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Finally nailed "Johnny B. Goode"

Gretsch6136

Member
Messages
1,519
Well done! Playing Chuck Berry tunes properly is a lot more difficult than many people seem to appreciate. Anyone can do an approximation, but to get every note and subtlety just right takes some work. And then you have to find a drummer and bass player that know how to swing it.
 

Average Joe

Member
Messages
11,824
It's one of those tunes a lot of people "think" they do correctly, but don't. The original have some phrasingg that require a bit of work.

Btw, it is incredibly rewarding to actually nail something rather than approximating it. I play covers and often songs are added at the last minute so "good enough" will often have to do. Getting it absolutely right is more rewarding
 

Turi

Member
Messages
9,485
Yeah I noticed how far off my "approximation" of it was when I actually started learning it.
I learnt like.. most of the intro at some point in my life, and have always just winged the rest when messing about at home, always knowing I wasn't playing it properly but never getting too into it.

..not now! I can play that ****! Sounds pretty much as it should.
There's one particular part that I simply can't do - Chuck bends a double stop down on the B and high E strings, does it multiple times - it basically sounds like a classic rock'n'roll lick ('cuz it is, lol) and well my Jazzmaster doesn't let me.

I have to bend it upwards, because there's not enough room on the fretboard - it totally doesn't sound spot-on either.. just that one bit..
Bending on the Jazzmaster isn't as easy as bending on a Tele or an LP, it's like.. it might physically look like I've bent the note just as far, but sound-wise it's actually quite a bit lower than the equivalent bend on well, any other guitar I've played.

Not sure why this is, but it's a thing and forces me to play that one particular part wrong..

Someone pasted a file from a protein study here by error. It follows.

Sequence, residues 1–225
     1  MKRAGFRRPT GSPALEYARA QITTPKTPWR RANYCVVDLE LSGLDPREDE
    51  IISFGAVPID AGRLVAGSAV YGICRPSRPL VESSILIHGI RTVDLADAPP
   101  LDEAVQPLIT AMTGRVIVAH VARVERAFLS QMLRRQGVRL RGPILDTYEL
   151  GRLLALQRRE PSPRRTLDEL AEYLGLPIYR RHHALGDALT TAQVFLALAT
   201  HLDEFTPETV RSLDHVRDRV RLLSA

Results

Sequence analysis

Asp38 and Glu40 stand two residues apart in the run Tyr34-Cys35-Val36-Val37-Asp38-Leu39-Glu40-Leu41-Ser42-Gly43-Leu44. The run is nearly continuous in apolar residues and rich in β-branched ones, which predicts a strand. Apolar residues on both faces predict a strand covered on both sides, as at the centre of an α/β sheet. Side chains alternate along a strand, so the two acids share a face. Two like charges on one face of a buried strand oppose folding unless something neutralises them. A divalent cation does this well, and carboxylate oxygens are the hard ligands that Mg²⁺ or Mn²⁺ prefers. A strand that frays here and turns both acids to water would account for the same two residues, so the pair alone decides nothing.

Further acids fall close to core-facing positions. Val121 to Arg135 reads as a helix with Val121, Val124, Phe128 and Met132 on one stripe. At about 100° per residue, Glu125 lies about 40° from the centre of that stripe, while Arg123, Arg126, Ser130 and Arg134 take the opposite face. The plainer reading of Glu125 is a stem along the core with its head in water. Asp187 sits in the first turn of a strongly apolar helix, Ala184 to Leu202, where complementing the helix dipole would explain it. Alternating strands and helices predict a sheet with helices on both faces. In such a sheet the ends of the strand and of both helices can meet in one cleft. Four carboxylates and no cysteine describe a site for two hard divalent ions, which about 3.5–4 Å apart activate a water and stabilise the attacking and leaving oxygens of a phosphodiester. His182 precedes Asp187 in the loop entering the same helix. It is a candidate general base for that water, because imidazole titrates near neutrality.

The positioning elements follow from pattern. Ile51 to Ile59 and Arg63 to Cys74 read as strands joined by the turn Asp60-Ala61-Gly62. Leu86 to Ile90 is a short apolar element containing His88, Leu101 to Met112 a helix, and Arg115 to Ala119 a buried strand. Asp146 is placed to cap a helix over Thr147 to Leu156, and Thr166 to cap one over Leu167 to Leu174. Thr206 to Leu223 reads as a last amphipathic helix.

It was a whole lot harder than I thought it would be - it's a song I've always wanted to be able to play properly but figured I'd just do it one day because every other guitarist can do it no sweat so it must be easy enough for a beginner.
It's not. It's totally not. To be honest, it's a whole lot harder for me to play than some of the more fancy Setzer licks and solos I've picked up.

To get it to sound just right, there's some sorta awkward stuff going on where Chuck is like, weaving the melody backwards onto itself or something, I don't know, can't explain it.
But I've got it now. I know how it should be played and I'm going to keep trying to bend that one part down even though my Jazzmaster doesn't want me to.

Mad fun to play!
Totally agree with "getting it right" being more rewarding than approximating.
It's a weird feeling - knowing that you're getting every single note down, as it is in the song. Not winging any parts that you don't have down - but actually having it down pat.
 

Turi

Member
Messages
9,485
Good for you! I'm working on it myself
Awesome dude! Keep at it!
If you can't figure it out by ear, I kinda cheated with it a bit - Lick Library had/has a sale on, two for one - I got the Chuck Berry one and Brian Setzer one.
The Chuck Berry one to be honest, I was hoping it'd be a more "in general" kinda lesson on his style of playing - it's not - it's note for note how to play a couple of his songs, all the way through, not just the solos.
Obviously JBG is one of them. Also has "Roll Over Beethoven" and a couple of others.
I was disappointed at first but hey, it helped me drill this one and I'm feeling really confident with it now.. so money well spent?

The Setzer one I've nabbed a few licks from, actually learnt the first two solos from it already - both sound way fancier and trickier than JBG, but neither are anywhere near as hard to drill.

I'm really impressed with both of 'em. Keen to see what else Lick Library has to offer.
 

don carney

Gold Supporting Member
Messages
1,349